Pegasus one-acts guarantee stellar performances
Pegasus Theater Company, beginning on January 18
and running for four weekends through February 10, will present two one-act plays, The Duck Variations by
David Mamet and directed by Susan Packer, and The Madness of Lady Bright, by Lanford Wilson, and directed by Darlene Kersnar.
Mamet, who was awarded the Pulitzer Prize in 1984 for Glengarry Glen Ross in 1984, first gained acclaim for Duck Variations (penned in 1971) and two other one act plays which opened off-Broadway in 1976. The Chicago-born playwright, screen writer, director and essayist was born in Chicago to Jewish parents (a teacher and an attorney) in 1947 and has an enviable track record of well received films and plays which have earned him dozens of awards and a reputation as one of the world’s finest and most prolific talents in his chosen fields.
It’s to Pegasus’ credit that they’ve chosen two seasoned actors with more than a half-century of experience between them to stage this work.
Duck Variations centers around a discussion between two elderly gents, George and Emil, who may or may not know each other, sitting on a park bench watching ducks. The dialogue begins with a discussion of ducks’ mating habits (about which they know little) and in Mamet’s inimitable style, launches into a rambling fugue touching on life, law, death, happiness and whatever paths they’ve traversed during their several decades on Earth. The ducks are unifying touchstones which they return to time and again before expounding fresh theories and dazzling one another with their worldly wisdom. Frank Ferris and Scott Kersnar who have known one another and shared stages for decades are naturals for these roles and should, under the direction of Susan Packer, turn in convincing and thoroughly believable performances.
The Madness of Lady Bright was written by Lanford Wilson during slow shifts while working as a night time reservations clerk at the Americana Hotel (today the Sheraton) on the hotel’s typewriter. It was the first of his works to present explicitly gay themes, and a desk-clerk colleague of his at the Americana was purportedly among the inspirations for protagonist Leslie Bright.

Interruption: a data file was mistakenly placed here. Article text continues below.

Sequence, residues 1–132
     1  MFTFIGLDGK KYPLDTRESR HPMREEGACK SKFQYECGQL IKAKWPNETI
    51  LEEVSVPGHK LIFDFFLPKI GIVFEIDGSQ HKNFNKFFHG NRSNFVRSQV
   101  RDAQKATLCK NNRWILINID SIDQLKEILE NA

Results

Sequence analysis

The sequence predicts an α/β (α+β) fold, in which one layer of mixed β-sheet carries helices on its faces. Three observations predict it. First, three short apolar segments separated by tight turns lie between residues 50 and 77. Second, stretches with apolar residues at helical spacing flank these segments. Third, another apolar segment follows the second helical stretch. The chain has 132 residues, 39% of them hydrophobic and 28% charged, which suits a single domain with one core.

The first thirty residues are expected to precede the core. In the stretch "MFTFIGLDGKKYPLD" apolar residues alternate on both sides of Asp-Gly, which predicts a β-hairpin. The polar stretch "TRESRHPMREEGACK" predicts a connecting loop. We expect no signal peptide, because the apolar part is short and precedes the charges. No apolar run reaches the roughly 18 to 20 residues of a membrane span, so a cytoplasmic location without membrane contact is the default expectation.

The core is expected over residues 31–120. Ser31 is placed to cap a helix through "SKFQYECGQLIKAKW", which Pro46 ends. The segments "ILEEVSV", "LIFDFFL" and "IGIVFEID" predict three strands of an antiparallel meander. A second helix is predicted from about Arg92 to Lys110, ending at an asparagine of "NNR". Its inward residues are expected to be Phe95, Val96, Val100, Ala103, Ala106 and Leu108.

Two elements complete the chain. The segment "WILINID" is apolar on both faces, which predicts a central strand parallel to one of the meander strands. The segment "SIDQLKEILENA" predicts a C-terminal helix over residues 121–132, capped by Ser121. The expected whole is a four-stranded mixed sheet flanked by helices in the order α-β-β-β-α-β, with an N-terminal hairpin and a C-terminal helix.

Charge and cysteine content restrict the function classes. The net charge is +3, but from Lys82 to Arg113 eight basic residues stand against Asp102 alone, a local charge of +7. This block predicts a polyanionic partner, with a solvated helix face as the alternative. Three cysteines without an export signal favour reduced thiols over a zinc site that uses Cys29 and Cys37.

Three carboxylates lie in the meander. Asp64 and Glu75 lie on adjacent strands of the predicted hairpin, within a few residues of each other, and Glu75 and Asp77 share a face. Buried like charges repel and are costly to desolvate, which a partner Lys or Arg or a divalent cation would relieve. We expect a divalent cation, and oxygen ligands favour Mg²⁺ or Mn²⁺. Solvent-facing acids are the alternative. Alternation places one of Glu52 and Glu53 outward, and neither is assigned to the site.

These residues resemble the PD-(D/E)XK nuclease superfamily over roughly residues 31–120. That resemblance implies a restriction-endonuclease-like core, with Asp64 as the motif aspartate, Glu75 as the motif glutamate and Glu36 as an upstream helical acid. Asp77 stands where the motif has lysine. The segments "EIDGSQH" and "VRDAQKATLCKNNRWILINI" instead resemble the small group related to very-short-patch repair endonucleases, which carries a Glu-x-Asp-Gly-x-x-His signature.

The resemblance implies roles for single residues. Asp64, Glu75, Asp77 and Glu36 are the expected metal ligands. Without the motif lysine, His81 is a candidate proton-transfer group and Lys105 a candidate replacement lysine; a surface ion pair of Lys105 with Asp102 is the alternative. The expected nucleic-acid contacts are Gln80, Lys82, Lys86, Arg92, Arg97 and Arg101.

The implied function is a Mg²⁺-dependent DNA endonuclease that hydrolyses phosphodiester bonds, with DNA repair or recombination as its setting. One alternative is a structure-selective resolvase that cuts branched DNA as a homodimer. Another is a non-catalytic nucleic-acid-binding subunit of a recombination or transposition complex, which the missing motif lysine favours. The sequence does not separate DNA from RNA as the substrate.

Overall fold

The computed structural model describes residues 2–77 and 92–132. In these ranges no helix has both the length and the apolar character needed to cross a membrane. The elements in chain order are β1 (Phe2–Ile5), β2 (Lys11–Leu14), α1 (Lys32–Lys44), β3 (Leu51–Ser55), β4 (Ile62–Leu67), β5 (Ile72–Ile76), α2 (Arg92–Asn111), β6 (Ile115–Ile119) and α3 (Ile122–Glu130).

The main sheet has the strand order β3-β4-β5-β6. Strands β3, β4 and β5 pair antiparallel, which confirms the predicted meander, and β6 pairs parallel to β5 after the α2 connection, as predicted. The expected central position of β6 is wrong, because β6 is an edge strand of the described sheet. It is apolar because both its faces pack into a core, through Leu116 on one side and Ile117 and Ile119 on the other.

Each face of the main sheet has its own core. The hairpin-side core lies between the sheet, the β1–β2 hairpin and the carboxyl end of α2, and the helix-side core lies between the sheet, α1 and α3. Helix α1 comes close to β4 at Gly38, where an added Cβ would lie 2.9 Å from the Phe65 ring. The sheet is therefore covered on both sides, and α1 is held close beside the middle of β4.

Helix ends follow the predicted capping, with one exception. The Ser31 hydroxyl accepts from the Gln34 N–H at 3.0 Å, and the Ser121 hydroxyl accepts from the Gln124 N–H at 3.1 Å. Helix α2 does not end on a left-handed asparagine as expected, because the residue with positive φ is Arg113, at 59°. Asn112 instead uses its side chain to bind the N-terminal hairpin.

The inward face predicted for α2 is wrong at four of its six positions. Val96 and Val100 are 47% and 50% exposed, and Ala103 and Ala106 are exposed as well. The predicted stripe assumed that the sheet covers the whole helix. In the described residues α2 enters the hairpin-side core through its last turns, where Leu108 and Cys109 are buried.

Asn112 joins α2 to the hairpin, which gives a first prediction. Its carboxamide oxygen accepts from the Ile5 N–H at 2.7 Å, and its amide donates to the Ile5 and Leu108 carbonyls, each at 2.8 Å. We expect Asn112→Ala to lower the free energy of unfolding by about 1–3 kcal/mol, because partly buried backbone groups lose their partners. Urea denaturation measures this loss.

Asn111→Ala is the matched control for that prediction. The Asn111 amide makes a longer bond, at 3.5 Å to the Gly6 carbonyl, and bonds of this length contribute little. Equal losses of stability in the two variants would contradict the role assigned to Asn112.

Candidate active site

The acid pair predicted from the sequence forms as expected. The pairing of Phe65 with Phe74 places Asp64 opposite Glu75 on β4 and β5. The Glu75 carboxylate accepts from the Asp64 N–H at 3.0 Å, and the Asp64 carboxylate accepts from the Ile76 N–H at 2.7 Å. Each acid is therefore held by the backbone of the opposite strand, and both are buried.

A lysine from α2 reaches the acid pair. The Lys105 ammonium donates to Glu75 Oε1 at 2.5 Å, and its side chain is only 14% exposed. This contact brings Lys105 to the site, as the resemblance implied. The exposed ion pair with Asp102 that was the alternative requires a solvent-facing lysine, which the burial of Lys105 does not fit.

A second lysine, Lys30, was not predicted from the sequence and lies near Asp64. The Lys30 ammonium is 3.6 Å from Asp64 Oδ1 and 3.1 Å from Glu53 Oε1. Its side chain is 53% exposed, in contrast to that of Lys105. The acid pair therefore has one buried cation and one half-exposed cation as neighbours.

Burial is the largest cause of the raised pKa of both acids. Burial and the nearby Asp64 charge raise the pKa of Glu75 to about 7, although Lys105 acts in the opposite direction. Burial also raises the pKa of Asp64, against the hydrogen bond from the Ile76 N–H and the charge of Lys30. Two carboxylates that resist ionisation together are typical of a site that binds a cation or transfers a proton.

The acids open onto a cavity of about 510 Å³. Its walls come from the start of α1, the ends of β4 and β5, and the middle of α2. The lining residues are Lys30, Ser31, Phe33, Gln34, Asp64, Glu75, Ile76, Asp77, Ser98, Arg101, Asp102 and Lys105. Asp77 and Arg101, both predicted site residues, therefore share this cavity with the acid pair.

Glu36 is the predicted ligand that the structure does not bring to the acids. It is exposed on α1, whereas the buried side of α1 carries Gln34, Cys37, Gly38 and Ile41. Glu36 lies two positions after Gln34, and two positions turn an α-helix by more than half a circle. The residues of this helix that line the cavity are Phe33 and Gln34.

Called one of the earliest American plays to focus predominantly on gay material the play is substantially a monologue delivered by an aging drag queen on a hot summer day in his New York apartment and has been characterized as among the first to portray gay characters in an non-stereotypical way. Set in the early 1960s, it deals with isolation and desperation, loneliness and self-doubt, and visits from ghosts named Boy and Girl (played by Rachel Custer and Conor O’Shaughnessy) who represent old friends and lovers and “give voice to criticisms” Lady Bright has encountered through life, as he gradually descends into madness.
The play opened in May 1964 at New York’s Caffe Cino, whose proprietor, Joe Cino was himself openly gay.
Directed by Darlene Kersnar, the play stars John Rowan who has turned in one stellar performance after another and can be counted on to channel Lady Bright faithfully and with integrity.
All 3 performances on opening weekend (Friday and Saturday evening and Sunday matinee), January 18 -20, are now pay-what-you-can. The performances on January 25 – February 9, are $15 general admission.
Our final performance, the Sunday matinee on February 10, is a fundraising Gala for Pegasus, with an admission price of $30, which will include complimentary champagne, non-alcoholic beverages and hors d’oeuvres.
Friday and Saturday evening performances begin at 8 p.m. and Sunday matinees begin at 2 p.m.
Pegasus Theater is on Canyon Two Road about 200 yards from Hwy 116 and just north of the Rio Nido Roadhouse